Heim MicrosoftWindows Mobile Windows Phone and Web-Analytics

Windows Phone and Web-Analytics

eftir Jón Ólafsson

We usually only write in Icelandic here on Lappari.com but after many requests this morning, I rewrote an article in English.


Windows Phone users in Iceland have often complained about the lack of applications from Icelandic companies. In short, these companies look at the web-statistics and from that they conclude that Windows Phone users are so few that there is no need for a Windows Phone application.


After a tip from a reader I wanted to check how Windows Phone was measured in tools like Google Analytics  (GA) but I believe that GA is the most used web-analytic tool out there today. I especially wanted to see if there is any difference between users that use either Desktop or Mobile version under Website preference settings in IE11. These settings tell the website if you are using a Mobile browser or a Desktop browser but I believe that most users use the Mobile Version option.


For these test I used a Nokia Lumia 1520 and between each test I deleted the temp-files on the device. To test Mobile Version settings I used a dev page that I have with Google Analytics code enabled. To eliminate cache/temp error I asked Thorarinn Hjalmarsson to send me statistics from when I used Desktop Version on a dev page that he had available for me.


If you have a Windows Phone:  Do you use Mobile or Desktop version in IE?



Test one   (Mobile version)

Like I said before I used a dev website to test the Mobile version and I browsed the site for a few minutes with a Lumia 1520 device.

Google Analytics > Audience > Technology > Browser & OS – but there users can see the browser that GA detects (guessing with JS or User Agent).

  • GA detected that the Nokia Lumia 1520 was using Safari or a browser called 537 (more here below)


Google Analytics > Audience > Mobile > Devices – but here we should see the device detected by GA (guessing with JS or User Agent).


Although I might be wrong, but I believe most user are using the Mobile Version setting under IE since it is the default setting




Test Two (Desktop settings)

Now I delete the temp files of the Lumia 1520 and set the browser to Desktop Version. Now I browsed the website that Thorarinn was monitoring for me with the same smartphone.




Further tests

I wanted to do further tests to see what was happening and try to understand why.


I used the Lumia 1520 to open http://www.whoishostingthis.com/:

  • In Mobile mode the OS was not detected but that explains the “(not set)” that we saw in GA before but the browser was detected as IE Mobile 11.
  • In Desktop mode the OS was detected as Windows 8 (which is wrong) and the browser as Internet Explorer 11.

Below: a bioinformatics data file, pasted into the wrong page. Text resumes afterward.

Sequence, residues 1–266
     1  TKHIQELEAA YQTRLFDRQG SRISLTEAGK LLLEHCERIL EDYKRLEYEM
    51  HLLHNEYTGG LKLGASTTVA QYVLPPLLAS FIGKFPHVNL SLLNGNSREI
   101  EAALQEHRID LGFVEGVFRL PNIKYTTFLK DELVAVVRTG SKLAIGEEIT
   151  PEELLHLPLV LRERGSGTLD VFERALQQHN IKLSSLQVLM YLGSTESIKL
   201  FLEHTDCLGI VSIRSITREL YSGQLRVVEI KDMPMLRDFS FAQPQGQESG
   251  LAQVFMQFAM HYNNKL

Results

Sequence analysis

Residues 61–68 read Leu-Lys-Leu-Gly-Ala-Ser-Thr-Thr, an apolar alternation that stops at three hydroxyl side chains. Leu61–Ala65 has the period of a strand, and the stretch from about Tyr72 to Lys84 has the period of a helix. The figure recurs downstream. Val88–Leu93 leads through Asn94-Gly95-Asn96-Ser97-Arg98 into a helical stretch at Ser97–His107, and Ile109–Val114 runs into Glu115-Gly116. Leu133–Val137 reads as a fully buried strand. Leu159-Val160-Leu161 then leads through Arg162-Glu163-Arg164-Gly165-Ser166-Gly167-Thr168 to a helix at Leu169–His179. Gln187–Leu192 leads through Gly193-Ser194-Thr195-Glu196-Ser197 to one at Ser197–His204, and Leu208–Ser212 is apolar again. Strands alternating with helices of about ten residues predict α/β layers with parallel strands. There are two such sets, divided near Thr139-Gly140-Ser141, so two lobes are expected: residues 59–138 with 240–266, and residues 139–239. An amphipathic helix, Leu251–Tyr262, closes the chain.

I also tested www.whatismybrowser.com

  • In Mobile mode  the OS was detected as iOS 7 and the browser was detected as Internet Explorer 11.
  • In Desktop mode the OS was detected as Windows 8 (which is wrong) and the browser as Internet Explorer 11.


Next I went to http://www.whoishostingthis.com/:

  • In Mobile mode I got this strange sting:  Mozilla/5.0 (Mobile; Windows Phone 8.1; Android 4.0; ARM; Trident/7.0; Touch; rv:11.0; IEMobile/11.0; NOKIA; Lumia 1520) like iPhone OS 7_0_3 Mac OS X AppleWebKit/537 (KHTML, like Gecko) Mobile Safari/537
  • In Desktop mode I got:  Mozilla/5.0 (Windows NT 6.2; ARM; Trident/7.0; Touch; rv:11.0; WPDesktop; Lumia 1520) like Gecko



I got few Windows Phone users to try this for me and as an example a Nokia Lumia 930-owner got detected as Windows 8 in desktop mode and as a iOS 7 device in Mobile mode. Google Analytics detected his device either as a Windows 8 computer or as a iOS 7 device.


One user reported that Google Analytics always detected his device as Windows Phone but this OS version was not detected (not set). His browser was also detected as Safari version 537 after Windows Phone 8.1 update 1 launched.


Another user sent me this screenshot he took last year but here you can see that Facebook detected his Lumia 1520 as “Android on Nokia Lumia 1520) like iPhone






On a global scale I find this interesting given all the “Windows Phone is dying” articles that are floating around the internet.

edit: Took out reference to an article on venturebeat.com


Here in Iceland companies have little or no interest in developing applications for Windows Phone like I said earlier. The reason is always the minimal market share that Windows Phone has but I am sure that the false detection of the device/browser as iOS 7, Android or unknown in web analytics isn’t helping Windows Phone.

Many web designers optimize their sites for Android and iOS and that is understandable given the marketshare of these mobile operation systems. I am sure that Microsofts motives for changing the browser string were just to make the user’s web experience a lot better, and it is. Now Windows Phone users can use web services like Gmail that they couldn’t before.

What I trying to get across here, is that Windows Phone devices suffer a side effect from this change. And it is causing devices to be incorrectly detected, affecting the user numbers that developers and companies rely on when making decisions about applications to develop.


We here on Lappari.com would like to hope that companies and developers take a closer look at the statistics and reconsider giving Windows Phone a second change, as the current measurement used might not be correct. #browsergate


Resources:  IEBlog – Microsoft – MSMVPS – Neowin – Softpedia – WMpoweruser


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